And then there are the powerful monied interests. They thought FDR was a weak character, who could be bent to their purposes. They actually believed--during the two, not one coup attempt--that FDR would just succumb to their pressure and OK their plans to take over the government.

A good read and a reminder of where the most pernicious elements of the Right came from.

Last Call For Iowa

++The best poll I saw had four candidates tied with 17%. The Republican race has so turned me off that I hope they all tie.

++Newt Gingrich cried yesterday when talking about his mother. This did in Ed Muskie and then was seen as a liability for Hillary Clinton. But there has been no pushback on Newt for this. But hearing the remarks,you have to wonder if Newt was forced to consider long-term care, bipolar disorder, and alzheimer's as he said, then why does he not have any policies that address these things? Presumably, one's personal experience shapes your policy choices. For instance, the issue of why Barack Obama pressed his healthcare reform had less to do with ideology than the memory of his terminally ill mother filling out insurance forms. Why don't we see this type of response among the Republicans?

++Doug Bandow of the CATO Institute finally stood up for Ron Paul's foreign policy statements at and criticized the other candidates for simply following down the GOP line of the last decade, which led to the reckless loss of life, national bankruptcy and the militarization of our society.

++Mitt's son thought he would be cute and say that his father would release his tax returns when President Obama would release his birth certificate and his grades. Nice try, punk. President Obama tweeted that Mitt's son probably didn't buy the Obama 2012 mug with the birth certificate printed on the back. The Obama campaign fund-raised all day long on this idiocy. Mitt's son then tweeted,"My bad." He was just making a bad joke.

++But Mitt's tax returns are no joke. He actually told Andrea Mitchell that he might release his tax returns after he became President. Is it just me or does anyone else find Romney a condescending little rich guy who believes he doesn't have to play by the rules? The DNC released an internet ad on "What is Mitt hiding?" about the tax forms. The ad showed that every Republican president starting with Gerald Ford had released their tax returns. The kicker in my mind was the note that George Romney released his in 1968 when he was running against Nixon. I guess the son has alot more to hide.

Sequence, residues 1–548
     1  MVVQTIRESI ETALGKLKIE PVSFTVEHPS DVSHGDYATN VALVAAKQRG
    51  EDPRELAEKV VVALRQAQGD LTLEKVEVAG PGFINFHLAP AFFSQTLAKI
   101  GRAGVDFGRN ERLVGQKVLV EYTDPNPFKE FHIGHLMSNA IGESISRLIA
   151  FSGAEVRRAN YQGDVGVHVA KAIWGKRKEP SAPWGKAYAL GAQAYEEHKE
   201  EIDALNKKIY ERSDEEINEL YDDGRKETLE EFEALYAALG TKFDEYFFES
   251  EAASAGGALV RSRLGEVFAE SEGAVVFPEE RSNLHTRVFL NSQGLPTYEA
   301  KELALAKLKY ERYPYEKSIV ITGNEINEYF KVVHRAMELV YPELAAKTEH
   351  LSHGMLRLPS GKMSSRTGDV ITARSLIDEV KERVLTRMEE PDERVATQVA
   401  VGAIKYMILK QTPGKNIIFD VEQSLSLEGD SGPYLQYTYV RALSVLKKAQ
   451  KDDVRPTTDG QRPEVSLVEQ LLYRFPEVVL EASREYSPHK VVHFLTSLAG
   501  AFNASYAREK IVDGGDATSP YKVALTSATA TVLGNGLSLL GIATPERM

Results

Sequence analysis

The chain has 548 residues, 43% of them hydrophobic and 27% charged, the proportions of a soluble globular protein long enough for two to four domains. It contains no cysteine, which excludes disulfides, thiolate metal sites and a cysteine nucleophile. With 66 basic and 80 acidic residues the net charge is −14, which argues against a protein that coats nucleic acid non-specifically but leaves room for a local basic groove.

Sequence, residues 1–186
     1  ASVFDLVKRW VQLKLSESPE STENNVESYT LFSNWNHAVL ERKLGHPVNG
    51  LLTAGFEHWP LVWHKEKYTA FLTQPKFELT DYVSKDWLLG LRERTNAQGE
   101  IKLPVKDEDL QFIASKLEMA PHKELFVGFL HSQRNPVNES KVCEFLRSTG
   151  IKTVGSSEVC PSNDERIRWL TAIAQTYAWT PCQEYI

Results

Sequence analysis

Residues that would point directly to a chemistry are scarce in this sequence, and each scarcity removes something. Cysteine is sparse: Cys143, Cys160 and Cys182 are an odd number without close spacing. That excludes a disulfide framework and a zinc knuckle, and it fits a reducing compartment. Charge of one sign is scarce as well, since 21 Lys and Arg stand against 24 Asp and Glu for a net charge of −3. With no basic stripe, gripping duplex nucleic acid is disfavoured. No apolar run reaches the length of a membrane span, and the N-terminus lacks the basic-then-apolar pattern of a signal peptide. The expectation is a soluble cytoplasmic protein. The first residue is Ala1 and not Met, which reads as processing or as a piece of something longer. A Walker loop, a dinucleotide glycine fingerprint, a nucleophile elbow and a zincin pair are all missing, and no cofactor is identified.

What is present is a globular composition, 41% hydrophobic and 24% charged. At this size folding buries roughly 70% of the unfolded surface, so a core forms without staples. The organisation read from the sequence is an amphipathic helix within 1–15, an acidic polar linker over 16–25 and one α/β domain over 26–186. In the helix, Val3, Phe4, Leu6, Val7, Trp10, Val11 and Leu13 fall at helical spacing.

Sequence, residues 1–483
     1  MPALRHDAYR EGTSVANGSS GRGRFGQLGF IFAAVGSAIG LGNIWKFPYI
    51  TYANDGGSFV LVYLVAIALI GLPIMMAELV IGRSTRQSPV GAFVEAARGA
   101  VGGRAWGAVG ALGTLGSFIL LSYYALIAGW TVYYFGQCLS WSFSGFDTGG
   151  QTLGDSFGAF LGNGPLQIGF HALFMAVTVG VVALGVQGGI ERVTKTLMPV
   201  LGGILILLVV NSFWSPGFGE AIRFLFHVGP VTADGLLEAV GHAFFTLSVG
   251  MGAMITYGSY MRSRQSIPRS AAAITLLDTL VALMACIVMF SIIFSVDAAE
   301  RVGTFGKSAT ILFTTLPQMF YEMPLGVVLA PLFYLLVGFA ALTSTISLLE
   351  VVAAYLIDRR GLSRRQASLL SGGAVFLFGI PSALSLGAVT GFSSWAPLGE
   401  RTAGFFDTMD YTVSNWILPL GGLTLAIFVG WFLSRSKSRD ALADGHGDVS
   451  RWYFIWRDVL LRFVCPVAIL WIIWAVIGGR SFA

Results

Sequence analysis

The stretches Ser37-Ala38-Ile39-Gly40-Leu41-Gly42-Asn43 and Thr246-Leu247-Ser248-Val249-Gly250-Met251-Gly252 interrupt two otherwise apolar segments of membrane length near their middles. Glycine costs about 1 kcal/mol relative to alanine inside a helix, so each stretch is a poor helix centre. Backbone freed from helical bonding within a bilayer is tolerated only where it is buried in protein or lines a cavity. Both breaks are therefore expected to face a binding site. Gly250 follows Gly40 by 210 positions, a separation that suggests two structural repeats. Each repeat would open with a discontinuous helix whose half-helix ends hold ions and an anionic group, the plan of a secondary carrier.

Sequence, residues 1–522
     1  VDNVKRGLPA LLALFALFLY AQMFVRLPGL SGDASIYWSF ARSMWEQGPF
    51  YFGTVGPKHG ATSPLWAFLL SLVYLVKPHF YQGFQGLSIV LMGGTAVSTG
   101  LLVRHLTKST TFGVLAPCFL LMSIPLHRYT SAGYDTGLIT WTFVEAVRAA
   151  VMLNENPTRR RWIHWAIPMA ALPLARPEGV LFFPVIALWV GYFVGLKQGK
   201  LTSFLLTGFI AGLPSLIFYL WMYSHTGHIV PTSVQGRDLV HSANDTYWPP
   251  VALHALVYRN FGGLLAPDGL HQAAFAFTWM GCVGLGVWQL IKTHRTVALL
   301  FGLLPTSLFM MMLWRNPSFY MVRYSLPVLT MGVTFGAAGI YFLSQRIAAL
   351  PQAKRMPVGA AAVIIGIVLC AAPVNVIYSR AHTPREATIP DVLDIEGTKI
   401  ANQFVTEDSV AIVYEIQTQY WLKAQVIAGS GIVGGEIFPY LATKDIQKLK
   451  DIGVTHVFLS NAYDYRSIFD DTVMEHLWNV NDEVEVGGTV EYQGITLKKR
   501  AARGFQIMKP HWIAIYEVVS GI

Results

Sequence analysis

++Josh Marshall at picked up the theme of the tax returns today and suggested not only will it show Mitt pays around 14% but that the returns will show perfectly legal but complex tax shelters, which will not go over in the time of Occupy Wall Street.

++Speaking of which, Romney claims he is not a "Wall Street guy in the classical sense." Since Romney is running as a "successful businessman", this statement really needs some investigation. Reporters are beginning to sense there is more here than just Bain Capital and leveraging businesses and forcing some to move overseas. Instead, we are beginning to hear that his first successful gig was managing the money for the Mormons and their institutions. Expect to hear ore of this as we move along through the year.

++For my friends who claim that Romney is not so bad because he really is a moderate,check out the articles on how Romney "became" pro-choice when he ran in Massachusetts because he consulted polls that showed a pro-lifer could not win. Only Jon Huntsman seems relentless in going after Romney on his say anything to get elected posture.

++Expect to see Romney's Super Pac use the same techniques they did against Newt against President Obama. So far, the contributors to this Super Pac are anonymous but their attack ads against Newt plunged him down in the polls while Mitt acted above the fray.

++With all the pundits saying that Romney will go for a knock out blow with Iowa and New Hampshire, it's useful to point out that he only gets to 25%--although leading with that--nationwide. It really is true that people don't like him but Republicans are being conditioned to accept him. 39% of Iowa Republicans now believe he will be the nominee.

++Beltway pundits are beginning to see Romney's bald-faced attacks on his opponents as simply reflecting his own weaknesses.Whether Romney can continue to use these attacks to deflect people from aking about his own dubious positions is up for grabs.

++The Save Social Security organization put out their report card on the GOP candidates and found all failed to support Social Security. For me, this raises the mystery why senior citizens favor the Republicans and ,in fact. Mitt Romney. It doesn't make any sense.

++It looks like we will see Michelle Bachmann leave the contest after Iowa. She has lost her key campaign organizers to Ron Paul and "nativist" Steve King of Iowa appeared at a function yesterday with her, which had more reporters than citizens. And the guy didn't even endorse her. Her old campaign manager Ed Rollins said the reason she never attacked Romney was that she wants to be his vice-president. Get it--the attack woman like Sarah Palin.